It may also be possible to install sid packages instead of testing packages if you're using a net install from the testing branch. This is not supported, but if you want to try it, you're free to do so. It's your machine, after all. Just don't cry if it breaks.

    Sid is the equivalent to FC7 and IMO just as stable
    Last edited by leigh123linux; 8th May 2007 at 09:21 PM.

  9. #9
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    Quote Originally Posted by leigh123@linux
    Sid is the equivalent to FC7 and IMO just as stable
    Sid is the equivalent of Rawhide aka Fedora development branch. It cannot by definition be equivalent to Fedora 7 since it is not a release.
    Rahul
    http://fedoraproject.org/wiki/RahulSundaram

  10. #10
    leigh123linux Guest
    Quote Originally Posted by RahulSundaram
    Sid is the equivalent of Rawhide aka Fedora development branch.
    I would disagree with this statement , I would compare rawhide with debian development not sid ( unstable ).


    Quote Originally Posted by RahulSundaram
    It cannot by definition be equivalent to Fedora 7 since it is not a release.
    But I would agree sid isn't a release.
    Last edited by leigh123linux; 8th May 2007 at 11:26 PM.

  11. #11
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    Quote Originally Posted by leigh123@linux
    I would disagree with this statement , I would compare rawhide with debian development not sid ( unstable )
    Huh? Sid is the code name for Debian development branch just like rawhide is the code name for Fedora development branch.
    Rahul
    http://fedoraproject.org/wiki/RahulSundaram

  12. #12
    haavard Guest
    I recently changed from FC to debian lenny/sid(testing/unstable).
    Right now i think FC is more bleeding-edge than sid, but I think(/hope) this is mostly due to the lag from etch recently going to stable.

    FC is a great distro, but the control and lack of bloat I got from the debian netinstall(~150MB download) is worth a little waiting, I think.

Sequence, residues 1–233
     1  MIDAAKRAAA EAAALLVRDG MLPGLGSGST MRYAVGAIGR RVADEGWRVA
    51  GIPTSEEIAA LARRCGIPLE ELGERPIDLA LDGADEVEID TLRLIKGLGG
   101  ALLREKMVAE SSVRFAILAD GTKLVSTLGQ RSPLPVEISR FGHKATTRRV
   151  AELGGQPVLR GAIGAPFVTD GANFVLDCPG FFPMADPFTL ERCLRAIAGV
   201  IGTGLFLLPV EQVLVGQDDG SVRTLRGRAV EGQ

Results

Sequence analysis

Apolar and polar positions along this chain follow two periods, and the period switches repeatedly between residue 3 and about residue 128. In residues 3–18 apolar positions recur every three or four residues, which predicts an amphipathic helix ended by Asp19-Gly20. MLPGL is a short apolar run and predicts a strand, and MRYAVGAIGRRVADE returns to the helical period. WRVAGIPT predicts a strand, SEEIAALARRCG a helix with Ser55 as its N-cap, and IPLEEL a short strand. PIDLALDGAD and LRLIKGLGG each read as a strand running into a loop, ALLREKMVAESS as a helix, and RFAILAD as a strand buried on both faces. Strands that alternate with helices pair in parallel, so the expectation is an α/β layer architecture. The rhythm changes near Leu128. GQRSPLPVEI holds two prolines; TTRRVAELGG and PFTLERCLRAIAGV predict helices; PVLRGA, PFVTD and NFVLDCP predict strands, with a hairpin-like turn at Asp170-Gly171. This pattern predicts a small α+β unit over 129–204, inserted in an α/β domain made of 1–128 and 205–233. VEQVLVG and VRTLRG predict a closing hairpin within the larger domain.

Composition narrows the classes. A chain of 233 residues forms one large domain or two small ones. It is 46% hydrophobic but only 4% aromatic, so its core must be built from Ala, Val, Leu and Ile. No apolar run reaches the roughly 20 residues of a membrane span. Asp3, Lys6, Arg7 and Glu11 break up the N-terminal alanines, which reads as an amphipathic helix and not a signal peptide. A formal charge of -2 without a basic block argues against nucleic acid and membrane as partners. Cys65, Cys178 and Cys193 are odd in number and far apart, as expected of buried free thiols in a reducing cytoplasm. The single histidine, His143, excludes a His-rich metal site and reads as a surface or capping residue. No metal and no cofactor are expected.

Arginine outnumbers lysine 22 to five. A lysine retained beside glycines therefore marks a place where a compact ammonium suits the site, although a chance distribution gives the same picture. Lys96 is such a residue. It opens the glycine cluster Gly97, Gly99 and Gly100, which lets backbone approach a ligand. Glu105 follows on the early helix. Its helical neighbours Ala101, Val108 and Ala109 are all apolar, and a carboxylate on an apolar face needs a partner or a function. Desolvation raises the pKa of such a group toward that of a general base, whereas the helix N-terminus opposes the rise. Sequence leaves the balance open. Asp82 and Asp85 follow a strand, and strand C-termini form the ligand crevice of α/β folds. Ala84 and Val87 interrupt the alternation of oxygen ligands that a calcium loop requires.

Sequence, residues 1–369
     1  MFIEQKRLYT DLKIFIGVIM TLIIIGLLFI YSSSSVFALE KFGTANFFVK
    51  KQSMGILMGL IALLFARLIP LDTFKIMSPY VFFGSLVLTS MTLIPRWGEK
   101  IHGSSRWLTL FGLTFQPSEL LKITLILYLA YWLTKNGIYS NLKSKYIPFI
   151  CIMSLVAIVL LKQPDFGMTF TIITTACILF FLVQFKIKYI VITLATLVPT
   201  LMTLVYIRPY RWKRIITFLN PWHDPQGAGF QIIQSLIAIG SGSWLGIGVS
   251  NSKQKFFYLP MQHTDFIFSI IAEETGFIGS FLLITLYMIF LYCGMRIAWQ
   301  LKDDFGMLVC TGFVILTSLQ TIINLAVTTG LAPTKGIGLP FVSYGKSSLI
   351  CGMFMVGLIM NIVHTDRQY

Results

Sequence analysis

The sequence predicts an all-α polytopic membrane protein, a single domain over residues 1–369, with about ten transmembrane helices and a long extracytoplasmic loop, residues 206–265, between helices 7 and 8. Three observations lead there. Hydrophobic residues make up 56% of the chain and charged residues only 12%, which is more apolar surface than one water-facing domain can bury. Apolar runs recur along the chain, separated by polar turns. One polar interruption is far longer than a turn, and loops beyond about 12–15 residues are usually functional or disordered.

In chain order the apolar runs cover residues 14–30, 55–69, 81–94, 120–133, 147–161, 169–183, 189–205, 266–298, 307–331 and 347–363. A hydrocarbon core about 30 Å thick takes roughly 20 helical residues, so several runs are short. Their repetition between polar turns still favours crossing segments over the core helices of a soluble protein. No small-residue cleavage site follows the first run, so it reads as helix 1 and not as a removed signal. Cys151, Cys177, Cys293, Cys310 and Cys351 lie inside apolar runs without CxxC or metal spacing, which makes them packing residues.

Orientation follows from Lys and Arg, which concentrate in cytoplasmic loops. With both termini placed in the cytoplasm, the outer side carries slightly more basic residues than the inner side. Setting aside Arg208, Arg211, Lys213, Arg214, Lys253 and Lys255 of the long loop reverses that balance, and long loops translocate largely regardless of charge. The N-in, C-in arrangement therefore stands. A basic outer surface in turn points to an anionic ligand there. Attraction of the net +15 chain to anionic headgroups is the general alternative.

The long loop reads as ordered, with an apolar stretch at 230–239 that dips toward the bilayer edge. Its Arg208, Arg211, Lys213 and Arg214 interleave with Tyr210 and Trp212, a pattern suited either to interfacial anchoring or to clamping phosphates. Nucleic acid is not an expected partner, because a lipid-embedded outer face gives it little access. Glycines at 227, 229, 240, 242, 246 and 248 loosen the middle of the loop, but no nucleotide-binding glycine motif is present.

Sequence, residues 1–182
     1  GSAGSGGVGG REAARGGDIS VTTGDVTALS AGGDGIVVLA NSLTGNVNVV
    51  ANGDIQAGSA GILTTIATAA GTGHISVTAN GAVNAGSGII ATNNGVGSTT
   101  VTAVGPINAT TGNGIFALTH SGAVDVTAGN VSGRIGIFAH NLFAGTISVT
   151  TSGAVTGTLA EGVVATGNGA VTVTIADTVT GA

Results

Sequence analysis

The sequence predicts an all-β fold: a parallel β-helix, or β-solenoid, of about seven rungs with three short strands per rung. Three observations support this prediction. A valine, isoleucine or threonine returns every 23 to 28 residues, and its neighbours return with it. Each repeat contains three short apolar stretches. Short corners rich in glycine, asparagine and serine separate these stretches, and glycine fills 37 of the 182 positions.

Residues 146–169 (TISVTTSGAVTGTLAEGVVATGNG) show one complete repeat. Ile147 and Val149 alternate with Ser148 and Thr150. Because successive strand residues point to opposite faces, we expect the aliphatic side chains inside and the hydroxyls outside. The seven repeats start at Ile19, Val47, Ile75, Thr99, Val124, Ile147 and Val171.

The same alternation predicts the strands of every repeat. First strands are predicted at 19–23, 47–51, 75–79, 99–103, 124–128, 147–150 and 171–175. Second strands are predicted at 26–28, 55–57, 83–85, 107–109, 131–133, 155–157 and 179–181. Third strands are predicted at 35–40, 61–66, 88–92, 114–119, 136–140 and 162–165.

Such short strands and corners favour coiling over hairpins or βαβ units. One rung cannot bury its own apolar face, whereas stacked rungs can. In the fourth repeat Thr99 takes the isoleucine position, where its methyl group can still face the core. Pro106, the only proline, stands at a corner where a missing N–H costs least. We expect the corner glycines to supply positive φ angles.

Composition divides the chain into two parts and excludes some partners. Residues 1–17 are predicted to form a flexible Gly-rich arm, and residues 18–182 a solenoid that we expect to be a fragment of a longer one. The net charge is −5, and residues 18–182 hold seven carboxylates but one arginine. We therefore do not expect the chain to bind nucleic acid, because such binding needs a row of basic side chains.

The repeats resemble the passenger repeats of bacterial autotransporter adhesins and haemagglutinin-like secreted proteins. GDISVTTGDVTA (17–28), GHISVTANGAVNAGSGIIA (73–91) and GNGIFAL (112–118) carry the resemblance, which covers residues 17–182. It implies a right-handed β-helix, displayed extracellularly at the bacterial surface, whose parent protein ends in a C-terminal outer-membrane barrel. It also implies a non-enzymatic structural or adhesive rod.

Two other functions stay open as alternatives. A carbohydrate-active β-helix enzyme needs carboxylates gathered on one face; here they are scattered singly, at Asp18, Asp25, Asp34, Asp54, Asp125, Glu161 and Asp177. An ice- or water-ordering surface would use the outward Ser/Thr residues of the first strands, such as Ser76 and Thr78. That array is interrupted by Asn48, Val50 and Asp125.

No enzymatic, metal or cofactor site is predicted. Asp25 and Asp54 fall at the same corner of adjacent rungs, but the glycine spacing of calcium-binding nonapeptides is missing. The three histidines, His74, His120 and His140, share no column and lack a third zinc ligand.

Most of the packages on my system are from testing, but I also have a lot from unstable, and my system has so far been very stable.

    By the way, I think debian experimental is the closest to rawhide. Never used it, but I've read that is yot are using experimental you have to expect stuff to break every once in a while.

  13. #13
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    Quote Originally Posted by haavard
    I recently changed from FC to debian lenny/sid(testing/unstable).

    By the way, I think debian experimental is the closest to rawhide. Never used it, but I've read that is yot are using experimental you have to expect stuff to break every once in a while.
    There seems a lot of confusion in this comparisons. So let me explain a few things:

    * You cannot really compare a development branch to actual releases from another distribution. Hence comparing sid to any particular Fedora general release is pointless.

    * Fedora active development happens on the development branch called rawhide which is the closet equivalent of Debian sid. Updates before release are usually pushed to updates-testing repository (which is similar to Debian testing) and then later reach the main release branches (akin to Debian stable). There is no equivalent of Debian "experimental" repository in Fedora. Usually developers just host their own repository for such purposes.

    Examples:

    http://people.redhat.com/davej/
    http://people.redhat.com/linville/kernels/
    Rahul
    http://fedoraproject.org/wiki/RahulSundaram

  14. #14
    haavard Guest
    In a way I agree with you, but there is a huge difference in debian stable and an FC release. Debian stable is ridiculously stable, FC is not, defenently not right after FC releases. FC is bleeding edge, debian stable is not.

    I think what should be compared is stability and how up to date the packages are. On those terms I think debian testing/unstable is a pretty good comparison to FC, and rawhide to experimental. Debian unstable is pretty stable, actualy.

  15. #15
    leigh123linux Guest
    Quote Originally Posted by RahulSundaram
    Huh? Sid is the code name for Debian development branch just like rawhide is the code name for Fedora development branch.
    Here a guide to Current Releases


    http://wiki.debian.org/DebianReleases


    Current Releases

    *

    oldstable - The previous stable release (3.1) (sarge)
    *

    stable - The current stable release (4.0) (etch)
    *

    testing - The next generation release (lenny)
    *

    unstable - The unstable development release (sid) (new packages are introduced here too)
    *

    experimental - Not really a release, but where new packages are introduced
    Lets hope this clears up your confusion